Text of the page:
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How to Create and Deploy a Software Package in Essentials

Updated: April 14, 2010

Applies To: System Center Essentials 2010

How to Create and Deploy a Software Package

To deploy software to managed computers, you must first create a software package and then approve the software package for deployment on computer groups.

The New Software Package Wizard facilitates software deployment. If, after finishing the package wizard you approve the deployment, the deployment begins immediately. If you complete the wizard without approving the deployment, the software package is created, but the software deployment does not start on the managed computers until you specifically approve it.

When deploying a Windows Installer application, if the agent on the managed computer detects that the deployed application is already installed, it does not reinstall the application.

ImportantImportant
If you are deploying a version of Microsoft Office to an Application Install Point (AIP), and if you deploy a version of Office that is not aligned with a major release such as RTM, SP1, SP2 (specifically, if you install a major release with some updates applied), then Office updates cannot be properly detected or downloaded for the AIP afterward.

To create a software package and approve the deployment

  1. In the Essentials console, click Software.

  2. In the Software Overview pane, in the Tasks list, click Create new package to start the New Software Package Wizard.

  3. Continue through the New Software Package Wizard.

    noteNote
    When you specify the path and Setup file name, the file name, including the file path, must be less than 260 characters long, and the folder name must be less than 248 characters long. You can change the structure of folders so they are not nested as deeply or shorten the folder names until all file paths are shorter than 248 characters long.

    When using executable (.exe) files, the Target System Types page of the wizard prompts you if the software should be installed on all managed computers or on specific systems, letting you select operating system, architecture, and locale. When using Windows Installer (.msi) files, you can specify installation and uninstall properties, but not the operating system type. Supported operating system information is contained in the Windows Installer file.

  4. On the final page of the wizard when software package creation is in progress, select the Show deployment options when this wizard closes check box, and then click Finish.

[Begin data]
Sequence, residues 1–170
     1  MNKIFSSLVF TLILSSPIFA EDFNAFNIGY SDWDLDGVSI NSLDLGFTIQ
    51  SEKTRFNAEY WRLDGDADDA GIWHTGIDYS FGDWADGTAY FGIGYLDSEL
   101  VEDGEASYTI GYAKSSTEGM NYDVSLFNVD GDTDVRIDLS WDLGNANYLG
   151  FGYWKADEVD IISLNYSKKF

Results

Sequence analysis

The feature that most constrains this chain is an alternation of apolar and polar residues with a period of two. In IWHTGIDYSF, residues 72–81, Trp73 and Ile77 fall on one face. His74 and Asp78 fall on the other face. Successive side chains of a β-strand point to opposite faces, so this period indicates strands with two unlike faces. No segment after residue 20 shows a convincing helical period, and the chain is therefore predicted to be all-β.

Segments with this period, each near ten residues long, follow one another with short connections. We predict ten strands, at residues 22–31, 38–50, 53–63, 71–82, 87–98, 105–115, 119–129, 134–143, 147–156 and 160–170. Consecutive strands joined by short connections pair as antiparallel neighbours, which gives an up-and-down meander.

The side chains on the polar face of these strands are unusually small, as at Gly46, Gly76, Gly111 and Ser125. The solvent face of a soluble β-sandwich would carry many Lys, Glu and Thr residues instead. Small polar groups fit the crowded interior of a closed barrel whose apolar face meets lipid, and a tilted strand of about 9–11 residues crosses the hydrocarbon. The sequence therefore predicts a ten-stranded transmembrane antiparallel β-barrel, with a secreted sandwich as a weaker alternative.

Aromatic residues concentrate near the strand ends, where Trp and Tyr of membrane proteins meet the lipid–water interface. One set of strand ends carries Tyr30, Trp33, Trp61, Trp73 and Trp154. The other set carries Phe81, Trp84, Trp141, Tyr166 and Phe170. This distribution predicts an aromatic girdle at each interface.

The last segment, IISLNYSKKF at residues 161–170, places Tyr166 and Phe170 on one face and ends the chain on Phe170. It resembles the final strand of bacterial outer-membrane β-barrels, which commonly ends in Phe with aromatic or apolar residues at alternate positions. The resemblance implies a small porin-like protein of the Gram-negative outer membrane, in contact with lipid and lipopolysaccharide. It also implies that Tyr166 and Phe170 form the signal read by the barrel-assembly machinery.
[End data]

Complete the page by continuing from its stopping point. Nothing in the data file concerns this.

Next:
5. In the Add and Remove Approvals dialog box, select the computer groups that contain the computers to which you want to deploy the software, or click Create New Group to create a new computer group.

  6. Select Publish Update(s) to ‘Add/Remove Programs’ if you want the program to appear in the list of installed programs on target computers.

  7. Select Set a deadline for this group to schedule the deployment for a specific time, and then click OK.

To approve a previously created software package for deployment

  1. In the Essentials console, click Software.

  2. In the Software pane, expand Software Packages, and then click All Software Packages.

  3. In the All Software Packages pane, select the software package that you want to approve for deployment.

  4. In the Actions pane, click Add and Remove Approvals.

  5. In the Add and Remove Approvals dialog box, select the computer groups that contain the computers to which you want to deploy the software, or click Create New Group to create a new computer group.

  6. Select Publish Update(s) to ‘Add/Remove Programs’ if you want the program to appear in the list of installed programs on target computers.

  7. Select Set a deadline for this group to schedule the deployment for a specific time, and then click OK.

How to Create a Software Package That Contains a Response File

Many software installation programs must receive input from end users in the form of responses to messages. A silent installation is one that does not prompt the user for input. The silent installation gets input from a response file at run time. A response file is a text file that contains configuration and setup parameters for the products and components that are being installed. The format of response files resembles that of an .ini file, but with an .iss extension.

To create a response file when the executable setup file supports relative paths

  1. Create the response file for the Setup program.

  2. Copy the response file to the same folder as the Setup files.

  3. In the command-line parameters for the package, specify the response file name. For example, in this example you are packaging a TEST-Install.iss, setup.log, and TEST.exe setup program together. The following code example shows how you specify the file names in the command-line parameters.

    c:\test_temp> TEST.exe /s /f1"TEST-Install.iss" /f2"setup.log"
    

To create a response file when the executable Setup file supports absolute paths

  1. Create the response file for the Setup program.

  2. Copy the configuration file to a local network location. The computers on which you are installing software should have a drive mapped to this location.

  3. In the command-line parameters for the package, specify the response file name. For example, if you are packaging a TEST-Install.iss, setup.log, and TEST.exe Setup program together, you can specify the file names in the command-line parameters as follows, assuming that the mapped drive is the Z: drive:

    c:\test_temp> TEST.exe /s /f1"Z:\test_temp\response\TEST-Install.iss" /f2"Z:\test_temp\setup.log"
    

See Also

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